Are you planning to pump breast milk after your baby is born? Here are some things that can help you with getting ready for breastfeeding and pumping.
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Here’s what you might want to do to prepare for pumping while you’re still pregnant.
1. Get a breast pump
Obviously, the first thing that you need to do is get a breast pump!
If you live in the United States and have health insurance, you are usually entitled to one breast pump per pregnancy at no cost.
I thought that dealing with my health insurance to get a breast pump would be a giant hassle with a lot of red tape, but the process is actually super easy! In most cases, you can just work directly with a medical device company.
With Aeroflow Breastpumps, all you need to do is fill out a short form, and they will do everything else – find out what you’re eligible for, contact your doctor, and send you the pump.
All you have to do is pick out the pump. So which pump should you get?
It obviously depends on what your options are. Most people will want a double electric breast pump. (If you can get one with a built-in battery, I’d recommend it.)
2. Learn how to use your breast pump
In some cases, your insurance company won’t provide you with your pump until after your baby is born. But if you do get your pump while you’re still pregnant, I would recommend doing a few things before your baby is born – especially if you haven’t used a breast pump before.
(I found trying to figure out how to use mine a little challenging in the newborn phase when I was running on two hours of sleep.)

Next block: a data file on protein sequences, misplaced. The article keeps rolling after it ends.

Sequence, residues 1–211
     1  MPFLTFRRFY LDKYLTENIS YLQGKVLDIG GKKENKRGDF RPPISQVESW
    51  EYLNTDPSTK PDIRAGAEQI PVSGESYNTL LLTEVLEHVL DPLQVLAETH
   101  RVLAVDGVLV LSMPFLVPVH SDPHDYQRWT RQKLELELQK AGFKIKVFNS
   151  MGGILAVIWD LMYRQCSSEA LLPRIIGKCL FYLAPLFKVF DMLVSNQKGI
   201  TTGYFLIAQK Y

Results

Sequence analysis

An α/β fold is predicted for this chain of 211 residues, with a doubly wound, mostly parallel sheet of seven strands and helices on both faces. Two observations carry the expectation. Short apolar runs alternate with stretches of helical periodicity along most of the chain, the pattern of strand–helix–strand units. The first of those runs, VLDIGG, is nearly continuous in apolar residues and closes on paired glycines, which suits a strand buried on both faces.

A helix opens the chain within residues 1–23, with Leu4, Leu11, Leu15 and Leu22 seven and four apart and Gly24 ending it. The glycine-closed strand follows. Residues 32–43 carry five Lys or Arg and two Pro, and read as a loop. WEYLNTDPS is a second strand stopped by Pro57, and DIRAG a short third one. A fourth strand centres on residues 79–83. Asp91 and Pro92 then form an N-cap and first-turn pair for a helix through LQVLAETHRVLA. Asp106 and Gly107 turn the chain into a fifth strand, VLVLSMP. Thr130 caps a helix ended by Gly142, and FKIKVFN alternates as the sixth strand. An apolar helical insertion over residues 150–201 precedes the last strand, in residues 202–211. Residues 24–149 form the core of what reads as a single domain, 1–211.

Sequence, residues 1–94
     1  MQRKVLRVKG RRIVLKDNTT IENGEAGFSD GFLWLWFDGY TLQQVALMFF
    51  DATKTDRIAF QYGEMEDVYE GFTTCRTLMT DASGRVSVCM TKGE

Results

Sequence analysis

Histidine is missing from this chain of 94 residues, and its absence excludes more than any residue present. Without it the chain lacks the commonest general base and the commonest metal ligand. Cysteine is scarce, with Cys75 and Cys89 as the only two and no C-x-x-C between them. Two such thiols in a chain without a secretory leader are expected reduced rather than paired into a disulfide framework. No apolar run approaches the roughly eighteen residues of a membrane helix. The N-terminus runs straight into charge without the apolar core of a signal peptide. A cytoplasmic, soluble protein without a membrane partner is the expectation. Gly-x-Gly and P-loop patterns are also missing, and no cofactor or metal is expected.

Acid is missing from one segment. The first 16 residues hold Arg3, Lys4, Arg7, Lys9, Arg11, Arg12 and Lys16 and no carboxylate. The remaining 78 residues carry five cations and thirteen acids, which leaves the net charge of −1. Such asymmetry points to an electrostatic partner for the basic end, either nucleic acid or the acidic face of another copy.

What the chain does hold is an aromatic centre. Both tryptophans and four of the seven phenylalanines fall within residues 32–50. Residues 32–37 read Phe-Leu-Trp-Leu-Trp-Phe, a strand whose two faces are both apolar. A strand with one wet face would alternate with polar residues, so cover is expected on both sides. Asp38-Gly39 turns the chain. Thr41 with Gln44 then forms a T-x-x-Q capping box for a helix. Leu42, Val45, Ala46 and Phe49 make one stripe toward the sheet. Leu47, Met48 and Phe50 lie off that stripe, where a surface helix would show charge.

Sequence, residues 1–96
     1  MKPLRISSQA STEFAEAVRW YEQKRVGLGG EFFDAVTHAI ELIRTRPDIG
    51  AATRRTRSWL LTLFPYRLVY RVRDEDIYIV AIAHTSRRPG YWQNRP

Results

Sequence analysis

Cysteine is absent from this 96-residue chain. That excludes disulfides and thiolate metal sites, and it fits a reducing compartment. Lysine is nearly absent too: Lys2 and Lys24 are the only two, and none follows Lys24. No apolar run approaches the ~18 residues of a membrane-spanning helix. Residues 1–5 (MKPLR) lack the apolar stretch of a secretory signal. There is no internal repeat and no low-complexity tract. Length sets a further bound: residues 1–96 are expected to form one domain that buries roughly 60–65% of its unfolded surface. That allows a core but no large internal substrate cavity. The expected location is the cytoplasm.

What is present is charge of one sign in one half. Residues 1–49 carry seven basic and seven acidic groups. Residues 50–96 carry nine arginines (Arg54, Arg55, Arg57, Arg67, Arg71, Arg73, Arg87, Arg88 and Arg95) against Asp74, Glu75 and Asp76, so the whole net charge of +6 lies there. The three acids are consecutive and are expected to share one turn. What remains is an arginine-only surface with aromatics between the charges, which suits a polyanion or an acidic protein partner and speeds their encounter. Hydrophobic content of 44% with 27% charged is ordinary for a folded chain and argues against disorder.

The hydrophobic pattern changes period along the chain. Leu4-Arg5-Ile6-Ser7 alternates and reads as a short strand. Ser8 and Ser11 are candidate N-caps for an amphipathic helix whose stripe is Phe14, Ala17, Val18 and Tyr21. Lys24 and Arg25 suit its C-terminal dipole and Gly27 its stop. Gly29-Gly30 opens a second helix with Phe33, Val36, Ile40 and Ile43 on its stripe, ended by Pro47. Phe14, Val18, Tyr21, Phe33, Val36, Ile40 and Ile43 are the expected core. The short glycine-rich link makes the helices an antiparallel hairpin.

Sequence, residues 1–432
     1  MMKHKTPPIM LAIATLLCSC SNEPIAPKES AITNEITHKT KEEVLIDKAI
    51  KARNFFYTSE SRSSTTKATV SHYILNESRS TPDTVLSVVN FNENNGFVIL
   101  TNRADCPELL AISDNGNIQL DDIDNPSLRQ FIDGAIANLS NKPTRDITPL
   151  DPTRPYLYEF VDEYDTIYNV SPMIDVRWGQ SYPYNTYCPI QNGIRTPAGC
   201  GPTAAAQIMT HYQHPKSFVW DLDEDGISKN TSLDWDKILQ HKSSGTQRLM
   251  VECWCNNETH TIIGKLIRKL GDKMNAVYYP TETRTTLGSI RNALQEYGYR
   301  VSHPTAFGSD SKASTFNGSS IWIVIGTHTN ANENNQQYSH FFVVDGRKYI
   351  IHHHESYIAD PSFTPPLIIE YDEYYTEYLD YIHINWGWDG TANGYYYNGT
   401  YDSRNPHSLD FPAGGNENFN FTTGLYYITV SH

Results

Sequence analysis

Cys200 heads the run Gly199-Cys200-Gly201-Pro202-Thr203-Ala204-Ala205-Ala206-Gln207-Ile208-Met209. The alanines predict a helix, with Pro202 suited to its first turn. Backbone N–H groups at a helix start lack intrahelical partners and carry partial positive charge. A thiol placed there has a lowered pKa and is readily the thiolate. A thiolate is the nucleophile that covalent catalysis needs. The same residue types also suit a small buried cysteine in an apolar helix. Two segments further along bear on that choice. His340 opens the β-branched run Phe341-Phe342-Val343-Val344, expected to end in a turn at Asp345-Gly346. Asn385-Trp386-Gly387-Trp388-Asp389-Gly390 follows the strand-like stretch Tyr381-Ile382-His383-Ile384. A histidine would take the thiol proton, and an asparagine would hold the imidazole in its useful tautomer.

Here’s what I would suggest doing.
Try out the different settings
It’s a good idea to get familiar with your pump and understand what all the buttons do.
Turn the pump on and off, and try putting it in different modes (letdown/massage and expression) and increasing and decreasing the suction.
Learn how to assemble your pump parts
Learn how to take all of your pump parts apart and put them back together. (For the first week I pumped, I didn’t know that you had to take them apart to wash them.)
Finally, if your pump has a battery, charge it.
3. Sterilize your pump parts
Most breast pump manufacturers recommend that you sanitize your breast pump parts before the first use.
Check the instruction manual to confirm that all of the parts should be sterilized. (Some manufacturers will recommend not washing tubing or not sanitizing valves, for example.)
4. Get a few pumping accessories
In addition to your pump, there are a few other things that I would get for pumping before your baby is born.
There is a ton of pumping gear out there that can be helpful and make your life easier, but most of it can wait until you actually start pumping and figure out what you need. This is what I would want to have on hand up front:
- Wash basin – The CDC recommends washing breast pump parts and bottles in a dedicated wash basin rather than directly in a sink.
- An extra set of pump parts – Having a spare set can be really helpful if the set that came from your pump needs to be washed, or if you lose a piece.
- Hands-free pumping bra – If you’re going to be spending any real amount of time pumping, being able to do other things while you pump is key! A hands-free pumping bra will hold your breast shields up so that you can do other things while you pump.